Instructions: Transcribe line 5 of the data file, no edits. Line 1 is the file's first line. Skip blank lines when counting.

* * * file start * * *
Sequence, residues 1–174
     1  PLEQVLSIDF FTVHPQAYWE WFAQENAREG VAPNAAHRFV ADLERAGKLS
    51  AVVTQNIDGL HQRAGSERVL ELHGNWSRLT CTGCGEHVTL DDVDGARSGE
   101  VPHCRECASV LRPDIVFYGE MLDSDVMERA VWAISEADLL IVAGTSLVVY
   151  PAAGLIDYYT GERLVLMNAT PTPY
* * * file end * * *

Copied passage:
   151  PAAGLIDYYT GERLVLMNAT PTPY